The article below was published in the Indianapolis Star, Faith and Values page of January 25, 2014. The title was not my choice as it implies my weighing in on the current Indiana Legislature debate on adding an amendment to the Indiana state constitution, defining marriage. I do support such an amendment, but that is not my focus here, rather an effort in the very limiting space of 350 words to offer a historic Christian and biblical perspective to counter the common arguments that the Bible does not give defining limits to marriage. I address that issue more fully in my post of last June, Before Citing the Bible, Be Sure to Read It First.
Seeking Grace in Marriage Debate
Last summer, I preached nine sermons on Sex in a Broken World, based on Paul’s New Testament letter, 1 Corinthians.
My goal in preaching is biblical faithfulness, and following Jesus, “full of grace and truth” (Gospel of John 1:14), especially when preaching highly sensitive subjects like sex.
I hold to the historic Christian understanding of marriage as a monogamous covenant between a man and a woman, a commitment “until death do us part.” God’s design from creation reflects His purpose for the two sexes, for the raising of children, for family relationships.
I also affirm, consistent from Moses to Jesus to Paul, that sexual relations are sacredly designed for marriage between one man and one woman. Any other sexual relationship is outside of God’s will and is destructive to those who participate and to society.
So how does that work in a culture where hook ups, co-habitation, divorce, polygamy, homosexual relationships and even more are widely accepted?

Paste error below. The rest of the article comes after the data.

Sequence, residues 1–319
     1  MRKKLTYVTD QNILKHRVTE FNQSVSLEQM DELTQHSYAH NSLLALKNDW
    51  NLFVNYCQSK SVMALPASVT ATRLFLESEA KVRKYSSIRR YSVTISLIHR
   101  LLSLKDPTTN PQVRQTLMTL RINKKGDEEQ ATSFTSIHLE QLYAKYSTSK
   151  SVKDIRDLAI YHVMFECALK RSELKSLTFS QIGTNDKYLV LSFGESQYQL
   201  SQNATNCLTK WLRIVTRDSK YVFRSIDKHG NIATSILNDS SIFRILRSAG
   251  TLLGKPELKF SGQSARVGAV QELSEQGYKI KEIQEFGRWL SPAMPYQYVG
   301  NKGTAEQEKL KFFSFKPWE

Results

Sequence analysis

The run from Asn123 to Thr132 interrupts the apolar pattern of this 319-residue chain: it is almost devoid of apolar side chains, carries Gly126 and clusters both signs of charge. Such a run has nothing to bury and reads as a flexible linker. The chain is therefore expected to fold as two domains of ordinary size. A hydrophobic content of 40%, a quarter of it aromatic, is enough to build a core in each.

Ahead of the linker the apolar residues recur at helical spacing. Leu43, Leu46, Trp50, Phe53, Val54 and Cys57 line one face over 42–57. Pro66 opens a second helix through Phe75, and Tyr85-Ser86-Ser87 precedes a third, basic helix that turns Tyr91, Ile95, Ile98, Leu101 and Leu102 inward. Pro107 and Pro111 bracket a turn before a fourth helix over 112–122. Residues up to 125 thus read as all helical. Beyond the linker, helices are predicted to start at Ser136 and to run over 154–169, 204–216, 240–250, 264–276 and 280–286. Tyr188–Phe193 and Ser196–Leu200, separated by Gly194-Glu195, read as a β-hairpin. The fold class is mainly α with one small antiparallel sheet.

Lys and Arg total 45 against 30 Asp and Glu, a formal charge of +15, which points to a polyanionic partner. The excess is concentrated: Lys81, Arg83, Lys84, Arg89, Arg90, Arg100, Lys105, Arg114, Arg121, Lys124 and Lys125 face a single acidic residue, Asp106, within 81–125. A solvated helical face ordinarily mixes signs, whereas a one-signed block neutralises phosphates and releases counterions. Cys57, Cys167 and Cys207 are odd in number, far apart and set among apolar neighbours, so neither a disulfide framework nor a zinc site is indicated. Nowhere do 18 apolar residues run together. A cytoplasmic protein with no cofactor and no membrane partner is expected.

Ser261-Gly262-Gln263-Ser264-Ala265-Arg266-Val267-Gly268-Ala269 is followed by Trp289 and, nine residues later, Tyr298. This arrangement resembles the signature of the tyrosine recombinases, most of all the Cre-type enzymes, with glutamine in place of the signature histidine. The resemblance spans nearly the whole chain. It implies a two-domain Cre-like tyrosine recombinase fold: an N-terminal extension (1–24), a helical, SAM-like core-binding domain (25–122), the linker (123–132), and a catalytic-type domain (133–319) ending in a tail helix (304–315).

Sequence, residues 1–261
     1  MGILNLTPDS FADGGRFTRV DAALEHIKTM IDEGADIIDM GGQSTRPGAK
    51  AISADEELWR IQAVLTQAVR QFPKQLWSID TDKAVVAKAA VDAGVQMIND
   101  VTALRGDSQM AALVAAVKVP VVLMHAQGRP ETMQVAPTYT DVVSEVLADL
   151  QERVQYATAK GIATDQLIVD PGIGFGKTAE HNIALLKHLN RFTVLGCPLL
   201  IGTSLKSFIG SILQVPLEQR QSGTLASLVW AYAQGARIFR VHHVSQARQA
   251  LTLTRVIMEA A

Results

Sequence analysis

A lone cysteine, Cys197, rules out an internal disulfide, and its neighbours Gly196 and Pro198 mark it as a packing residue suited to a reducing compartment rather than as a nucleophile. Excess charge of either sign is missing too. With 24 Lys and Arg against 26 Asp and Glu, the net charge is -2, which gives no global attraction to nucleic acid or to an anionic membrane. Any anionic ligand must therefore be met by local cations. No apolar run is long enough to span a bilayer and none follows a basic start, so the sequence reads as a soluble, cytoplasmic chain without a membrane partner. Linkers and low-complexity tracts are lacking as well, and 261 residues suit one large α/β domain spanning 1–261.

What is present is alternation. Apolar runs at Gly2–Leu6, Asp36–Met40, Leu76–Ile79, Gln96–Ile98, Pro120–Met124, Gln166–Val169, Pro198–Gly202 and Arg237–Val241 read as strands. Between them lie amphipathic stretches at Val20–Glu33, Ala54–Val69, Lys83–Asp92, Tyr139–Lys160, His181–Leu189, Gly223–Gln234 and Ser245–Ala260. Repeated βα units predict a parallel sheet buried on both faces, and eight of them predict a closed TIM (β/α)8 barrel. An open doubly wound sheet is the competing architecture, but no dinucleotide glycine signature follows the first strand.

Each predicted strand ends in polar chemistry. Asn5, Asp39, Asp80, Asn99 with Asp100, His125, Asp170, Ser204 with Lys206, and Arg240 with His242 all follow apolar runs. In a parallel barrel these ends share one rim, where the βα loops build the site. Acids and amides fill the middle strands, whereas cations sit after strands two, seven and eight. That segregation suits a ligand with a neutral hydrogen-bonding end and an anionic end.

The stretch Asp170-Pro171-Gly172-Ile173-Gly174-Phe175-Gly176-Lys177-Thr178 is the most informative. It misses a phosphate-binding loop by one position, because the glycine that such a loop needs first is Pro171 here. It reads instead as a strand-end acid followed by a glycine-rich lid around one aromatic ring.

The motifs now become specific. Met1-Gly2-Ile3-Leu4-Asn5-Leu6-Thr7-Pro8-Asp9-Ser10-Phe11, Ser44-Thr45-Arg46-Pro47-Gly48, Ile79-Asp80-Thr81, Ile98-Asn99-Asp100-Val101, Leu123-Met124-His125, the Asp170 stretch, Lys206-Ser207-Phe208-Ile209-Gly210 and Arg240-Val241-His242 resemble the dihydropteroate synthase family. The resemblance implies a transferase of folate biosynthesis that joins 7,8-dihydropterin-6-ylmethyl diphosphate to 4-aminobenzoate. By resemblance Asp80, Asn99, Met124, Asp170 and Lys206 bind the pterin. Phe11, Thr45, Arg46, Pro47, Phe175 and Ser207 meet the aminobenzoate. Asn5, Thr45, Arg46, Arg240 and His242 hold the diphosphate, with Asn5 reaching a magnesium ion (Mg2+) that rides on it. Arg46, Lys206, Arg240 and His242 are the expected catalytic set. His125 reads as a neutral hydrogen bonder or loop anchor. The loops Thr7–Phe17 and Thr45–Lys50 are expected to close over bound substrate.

The changing winds of morality do not dissuade me from preaching what I believe God reveals. So, where is grace? How do grace and truth coexist? How does the church respond where marriage is redefined to be outside of the historic time tested boundaries?
While holding to what I believe is truth, I also celebrate the grace modeled by Jesus – to a woman who had multiple marriages and other relationships, to more than one adulteress or prostitute, to at least two cheating tax collectors, to a young man bound to his money. Yet, as Jesus expressed extravagant grace, he didn’t back off from truth, “Go now and leave your life of sin” (John 8:11).
In our sexually permissive and sexually confused culture, how do we express grace? 1) Honor the dignity of all persons; 2) Sympathize with the struggle (we all have that in common); 3) Distinguish between temptation and behavior (temptation is not sin; surrendering to it is). 4) Declare the grace of God in the Gospel and call to repentance. There is hope for us all.